About the Author
So apparently there were a lot of noteworthy people named Bill Graham. Too many, actually. So far I’ve counted three boxers, one professional wrestler, two politicians (one Canadian, one Australian), an evangelist who loved Richard Nixon, and a jazz saxophonist, among others. Consequently, it took a minute for me to come with anything about the Bill Graham whose entrepreneurial accomplishments jive with TSB’s definition of self made men. The Bill Graham I’m talking about was the legendary concert promoter who introduced a lot of countercultural music to wider audiences throughout the 1960s, and who became the first concert promoter to achieve celebrity status in his own right.
One more comment about names, though – Bill Graham wasn’t actually his real one. He was born Wolodia Grajonca, and changed his name to Bill Graham after emigrating to the States from his native Germany, where the Nazis were taking over and exterminating Jewish families like his (Graham’s mother was killed in Auschwitz). Once in America, Graham wisely took on a more American name, not knowing that about a bajillion other people of renown would have the same name at various points throughout history.
Anyway, Graham grew up thinking he would become a businessman, but he ended up managing the San Francisco Mime Troupe (it was the 1960s, don’t judge), and successfully put together a benefit concert to raise legal fees for them when one of the mimes got locked up on obscenity charges. Graham was a born promoter, as it turned out, so he eventually went into concert promotion full-time and homesteaded San Francisco’s Fillmore Auditorium throughout the 1960s. He also booked shows at a second Fillmore location in New York and the Winterland, also in San Francisco.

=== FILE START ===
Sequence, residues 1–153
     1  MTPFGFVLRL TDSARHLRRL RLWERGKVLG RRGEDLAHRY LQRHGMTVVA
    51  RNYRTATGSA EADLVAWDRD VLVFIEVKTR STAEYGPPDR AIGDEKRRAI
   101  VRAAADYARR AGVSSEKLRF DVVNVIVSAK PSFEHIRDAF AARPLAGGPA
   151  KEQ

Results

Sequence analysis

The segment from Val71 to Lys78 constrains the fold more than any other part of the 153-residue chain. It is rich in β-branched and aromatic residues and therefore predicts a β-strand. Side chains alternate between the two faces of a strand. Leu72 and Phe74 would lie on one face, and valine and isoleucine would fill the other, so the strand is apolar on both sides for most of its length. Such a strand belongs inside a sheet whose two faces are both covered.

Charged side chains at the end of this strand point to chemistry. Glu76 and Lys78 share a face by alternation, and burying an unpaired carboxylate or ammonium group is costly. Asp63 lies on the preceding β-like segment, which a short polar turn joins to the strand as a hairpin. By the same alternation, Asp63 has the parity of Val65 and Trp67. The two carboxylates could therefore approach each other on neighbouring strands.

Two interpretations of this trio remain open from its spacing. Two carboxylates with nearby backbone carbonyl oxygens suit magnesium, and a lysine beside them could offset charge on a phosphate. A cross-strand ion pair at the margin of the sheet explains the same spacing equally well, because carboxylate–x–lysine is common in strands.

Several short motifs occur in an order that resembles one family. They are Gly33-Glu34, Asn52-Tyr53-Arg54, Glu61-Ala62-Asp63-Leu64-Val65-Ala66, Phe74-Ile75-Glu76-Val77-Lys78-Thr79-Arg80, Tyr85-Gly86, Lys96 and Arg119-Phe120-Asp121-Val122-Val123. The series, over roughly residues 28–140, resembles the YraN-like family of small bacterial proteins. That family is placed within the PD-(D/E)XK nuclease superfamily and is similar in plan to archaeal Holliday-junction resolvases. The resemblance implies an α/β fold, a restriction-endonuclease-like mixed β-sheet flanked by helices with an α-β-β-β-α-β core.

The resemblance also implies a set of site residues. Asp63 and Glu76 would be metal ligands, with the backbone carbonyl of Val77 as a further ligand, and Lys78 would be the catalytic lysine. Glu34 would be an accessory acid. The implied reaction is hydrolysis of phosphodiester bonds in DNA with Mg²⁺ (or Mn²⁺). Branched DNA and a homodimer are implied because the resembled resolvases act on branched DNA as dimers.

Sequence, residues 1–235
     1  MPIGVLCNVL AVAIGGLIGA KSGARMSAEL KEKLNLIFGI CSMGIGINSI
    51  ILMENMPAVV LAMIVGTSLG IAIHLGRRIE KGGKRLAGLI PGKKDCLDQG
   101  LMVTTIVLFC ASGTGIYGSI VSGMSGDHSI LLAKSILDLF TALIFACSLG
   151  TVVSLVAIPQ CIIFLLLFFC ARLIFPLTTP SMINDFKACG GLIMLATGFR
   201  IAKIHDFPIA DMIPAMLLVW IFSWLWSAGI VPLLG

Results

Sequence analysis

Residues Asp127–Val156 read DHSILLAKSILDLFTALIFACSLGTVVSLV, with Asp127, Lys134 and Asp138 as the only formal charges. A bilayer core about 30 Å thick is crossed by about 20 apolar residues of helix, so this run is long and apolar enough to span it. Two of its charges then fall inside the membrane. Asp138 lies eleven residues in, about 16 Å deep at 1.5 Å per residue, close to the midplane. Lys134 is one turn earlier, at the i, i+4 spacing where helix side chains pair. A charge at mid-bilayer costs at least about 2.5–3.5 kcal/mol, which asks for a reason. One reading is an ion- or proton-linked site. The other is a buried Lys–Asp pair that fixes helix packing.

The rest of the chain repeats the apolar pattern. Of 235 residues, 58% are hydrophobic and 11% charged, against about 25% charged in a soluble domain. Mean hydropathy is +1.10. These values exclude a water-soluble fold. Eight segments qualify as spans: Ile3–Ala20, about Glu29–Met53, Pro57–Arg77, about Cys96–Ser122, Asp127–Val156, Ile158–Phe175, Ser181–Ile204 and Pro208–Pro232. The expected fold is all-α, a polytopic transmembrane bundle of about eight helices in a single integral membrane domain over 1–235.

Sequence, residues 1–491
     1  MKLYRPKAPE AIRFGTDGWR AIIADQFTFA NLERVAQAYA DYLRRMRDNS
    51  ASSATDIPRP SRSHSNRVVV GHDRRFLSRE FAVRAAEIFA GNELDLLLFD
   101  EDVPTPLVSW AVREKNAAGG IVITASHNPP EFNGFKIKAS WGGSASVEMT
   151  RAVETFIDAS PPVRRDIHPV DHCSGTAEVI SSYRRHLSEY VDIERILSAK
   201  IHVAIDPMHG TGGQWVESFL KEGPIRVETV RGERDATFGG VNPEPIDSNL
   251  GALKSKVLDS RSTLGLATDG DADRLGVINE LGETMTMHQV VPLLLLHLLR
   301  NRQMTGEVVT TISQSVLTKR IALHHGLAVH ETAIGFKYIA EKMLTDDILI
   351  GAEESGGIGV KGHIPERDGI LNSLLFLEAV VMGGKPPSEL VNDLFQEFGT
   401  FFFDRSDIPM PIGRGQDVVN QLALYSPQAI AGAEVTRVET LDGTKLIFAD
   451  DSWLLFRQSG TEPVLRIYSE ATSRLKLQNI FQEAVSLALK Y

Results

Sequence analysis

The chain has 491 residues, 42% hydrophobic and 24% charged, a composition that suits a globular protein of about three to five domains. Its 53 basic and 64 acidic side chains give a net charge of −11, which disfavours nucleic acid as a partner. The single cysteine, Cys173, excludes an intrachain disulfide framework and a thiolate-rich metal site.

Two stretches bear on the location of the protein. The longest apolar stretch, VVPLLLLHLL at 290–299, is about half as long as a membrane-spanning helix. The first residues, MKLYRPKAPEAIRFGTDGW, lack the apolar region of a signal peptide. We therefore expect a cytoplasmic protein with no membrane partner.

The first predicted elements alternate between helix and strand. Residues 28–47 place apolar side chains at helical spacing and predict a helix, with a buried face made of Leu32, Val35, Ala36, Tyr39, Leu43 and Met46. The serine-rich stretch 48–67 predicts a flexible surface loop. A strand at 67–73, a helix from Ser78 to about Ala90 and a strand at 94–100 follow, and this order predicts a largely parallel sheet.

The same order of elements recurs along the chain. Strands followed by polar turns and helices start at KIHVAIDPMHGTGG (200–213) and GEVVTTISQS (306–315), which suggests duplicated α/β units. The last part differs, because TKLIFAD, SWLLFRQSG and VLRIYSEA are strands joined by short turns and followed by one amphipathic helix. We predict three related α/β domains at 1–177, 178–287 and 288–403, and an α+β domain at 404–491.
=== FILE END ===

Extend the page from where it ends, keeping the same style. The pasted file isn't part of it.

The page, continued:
In addition to his networking skills, Graham was a keen appraiser of talent, and he was an early supporter and mentor of bands like Jefferson Airplane, Santana, Country Joe and the Fish, Frank Zappa, and the Grateful Dead. He was also tight with the Rolling Stones, and promoted a lot of tours for them in the 1970s and 1980s. His promotional abilities played a vital role in the success of those bands (well, aside from the Stones), and of the now-legendary artists and designers Graham hired to design posters and lighting effects for his concerts. Graham was also the first American concert promoter to have medical personnel on site for larger shows, and often organized huge benefit concerts as fundraisers for social and political causes, the 1985 Live Aid concert being just one example.
Self made men are persistent and industrious as a rule, and Graham was no exception. I mean, if he was lazy and/or sane, he picked the wrong line of work: promoting anything longterm is a grind. Concert promoters have a lot of responsibilities; not only do they have to arrange performance dates with a band’s management, they also book the venues, negotiate with vendors, and put together enough upfront cash to pay for advertising, which is a huge financial risk that requires finding sponsors and knowing the ins and outs of their operating markets and audience characteristics.
Any reasonable person’s head would explode trying to manage all that, but Graham did it for decades, and did it so well that he made himself both rich and famous. A certain amount of that is natural charisma and luck, but there’s an awful lot of hard work in there too, and Graham wasn’t exactly born into the kind of money that would give him a head start in the business. Hell, he wasn’t even adopted into that kind of money.
Since Bill also produced concert films, I’ll leave you with this video of his grand entrance at a Grateful Dead show in Oakland.